Nasim Losai, a trained nutritionist and sociologist with governance NGO PAMOJA, sits on the office steps of the MUWAHI Water User Group, deep within Tanzania’s Pangani River basin. This is not an uncommon sight. PAMOJA works with local communities throughout the basin, discussing and resolving issues around access to the rivers’ water.

MUWAHI’s office is located in Maore, an ancient village in the East Pare Mountains, near the Tanzanian/Kenyan border, where subsistence farmers have been practising irrigated farming for more than a hundred years. Surrounding Nasim are members of HIBA, a water committee that resolves issues between upland and lowland water users in the Hingilili River catchment. Many of those sitting on the steps are members of groups organised around traditional water furrows that draw directly from the river, irrigating hectares of rice paddies, maize, ginger and sugarcane fields. There are 12 furrows in the Hingilili catchment - six in the uplands and six in the lowlands. 

HIBA is an umbrella committee for all the smaller water user groups,” explains Nasim with nods of approval from those around her. 

Nasim is well-versed in this territory and its history. PAMOJA facilitates the dialogue process between the various user groups of the Hingilili which, until recently, was a hotspot of conflict between competing water interests. In October 2000, the District Council intervened in a confrontation between two groups who came to blows over access to the same water. Police maintained order, while authorities facilitated a lengthy process of dialogue and conflict resolution among the competing users. 

The violence was symptomatic of a number of critical issues. Until 1972  the area was controlled under traditional chieftainships using customary law to manage and distribute the river’s water. These laws, although strict, were successful in protecting the source and channels and ensuring a sustainable flow downstream for livestock and wild animal consumption in the nearby Mkomazi Game Reserve. When replacing traditional custom with administrative centralisation, the Hingilili catchment was divided into two horizontal parts, ultimately creating a vacuum in organised, integrated, water management.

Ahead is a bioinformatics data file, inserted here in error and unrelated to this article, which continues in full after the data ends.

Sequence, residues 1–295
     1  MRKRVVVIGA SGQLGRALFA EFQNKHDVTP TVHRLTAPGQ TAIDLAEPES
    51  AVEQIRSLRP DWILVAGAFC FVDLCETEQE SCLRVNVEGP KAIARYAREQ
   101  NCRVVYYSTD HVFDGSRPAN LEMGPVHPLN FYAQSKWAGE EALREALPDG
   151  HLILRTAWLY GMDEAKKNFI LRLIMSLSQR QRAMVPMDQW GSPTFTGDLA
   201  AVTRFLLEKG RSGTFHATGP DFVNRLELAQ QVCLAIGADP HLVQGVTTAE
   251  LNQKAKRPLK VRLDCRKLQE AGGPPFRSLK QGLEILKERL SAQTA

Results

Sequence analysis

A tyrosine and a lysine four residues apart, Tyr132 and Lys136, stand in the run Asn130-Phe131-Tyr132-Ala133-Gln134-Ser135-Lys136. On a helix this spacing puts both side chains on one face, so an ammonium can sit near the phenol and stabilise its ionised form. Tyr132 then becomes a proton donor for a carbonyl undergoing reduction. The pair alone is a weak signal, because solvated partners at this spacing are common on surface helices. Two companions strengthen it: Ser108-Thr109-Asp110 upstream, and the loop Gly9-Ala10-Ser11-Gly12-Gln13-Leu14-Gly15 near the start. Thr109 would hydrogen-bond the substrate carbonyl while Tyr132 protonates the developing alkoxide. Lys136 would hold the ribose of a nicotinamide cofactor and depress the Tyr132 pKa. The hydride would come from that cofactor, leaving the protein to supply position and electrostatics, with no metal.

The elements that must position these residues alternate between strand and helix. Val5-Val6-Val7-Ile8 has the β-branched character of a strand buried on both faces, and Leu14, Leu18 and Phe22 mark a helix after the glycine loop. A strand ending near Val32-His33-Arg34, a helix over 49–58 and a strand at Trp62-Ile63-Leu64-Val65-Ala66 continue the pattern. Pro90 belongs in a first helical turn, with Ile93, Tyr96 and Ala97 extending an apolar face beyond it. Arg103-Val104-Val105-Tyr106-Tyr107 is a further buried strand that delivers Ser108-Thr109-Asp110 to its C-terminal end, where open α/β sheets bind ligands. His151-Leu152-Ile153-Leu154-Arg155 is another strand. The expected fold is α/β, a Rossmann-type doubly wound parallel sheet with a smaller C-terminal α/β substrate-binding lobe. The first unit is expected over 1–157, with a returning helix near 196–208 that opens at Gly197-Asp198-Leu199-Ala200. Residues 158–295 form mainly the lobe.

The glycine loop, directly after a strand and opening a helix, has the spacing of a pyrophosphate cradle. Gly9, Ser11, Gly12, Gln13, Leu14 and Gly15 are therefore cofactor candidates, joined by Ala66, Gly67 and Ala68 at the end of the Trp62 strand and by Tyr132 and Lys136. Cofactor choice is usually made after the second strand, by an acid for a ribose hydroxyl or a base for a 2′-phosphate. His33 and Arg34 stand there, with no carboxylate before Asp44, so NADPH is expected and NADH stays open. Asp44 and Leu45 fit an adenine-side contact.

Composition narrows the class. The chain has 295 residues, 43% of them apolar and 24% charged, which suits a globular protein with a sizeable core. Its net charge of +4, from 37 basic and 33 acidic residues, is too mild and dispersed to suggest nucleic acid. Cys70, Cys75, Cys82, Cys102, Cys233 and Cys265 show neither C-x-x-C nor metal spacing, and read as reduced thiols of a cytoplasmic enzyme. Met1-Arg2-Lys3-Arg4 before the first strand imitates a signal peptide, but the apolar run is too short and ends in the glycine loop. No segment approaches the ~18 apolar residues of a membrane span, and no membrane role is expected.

Simultaneous population pressure was forcing upland farmers to migrate into the lowlands, and widespread clearance of virgin forest took place. Both the water sources and its channel were impacted and the Hingilili’s dry season flow started drying up. Climatic change over the past twenty years also played its role with erratic wet seasons and general declines in precipitation. 

With these kinds of realities, we have to work together,” says HIBA Chairman Yusuph M. Yusuph, a rice, maize and ginger farmer in the lowlands.

Yusuph is envious of the year-round flow that the upland farmers receive from the Hingilili. Since the dissolution of the customary water sharing traditions of old, the upland farmers have been inclined to extract all the Hingilili’s water during the dry season, long before the water reaches the lowland areas. Yusuph also knows that, in a classic “tragedy of the commons” scenario, maintenance of furrows fall into disrepair without some form of local ownership.

On a visit to an intake, Yusuph shows Nasim and local ward councillor Hamad Sempompe the effects of such disrepair. One channel is silted over, rendered redundant, while another flows freely to healthy fields below.

If we had an organised association in those days, we would have ensured that this intake was properly built to prevent such siltation. It is just in the wrong place and built at the wrong angle,” explains Yusuph. 

Yusuph might be too diplomatic to say it himself, but others acknowledge that a contributing factor is poor watershed  management practices upstream that have resulted in excessive erosion and overloading of soil and vegetative material in the stream flow. 

This, however, is the sort of issue that the HIBA are addressing. 

The one thing about community dialogue,” says Nasim with a wry smile, “is that it takes time. Much patience is needed to achieve a desired result.” 

While Nasim and Yusuph recognise the challenges, the laughter and joviality of the meeting in Maore feel like a quantum leap from Hingilili’s violent past. Underneath the joviality lies a deep-seated earnestness among all HIBA members to ensure the river’s water remains available to all who depend on it.
Written by Alex Hetherington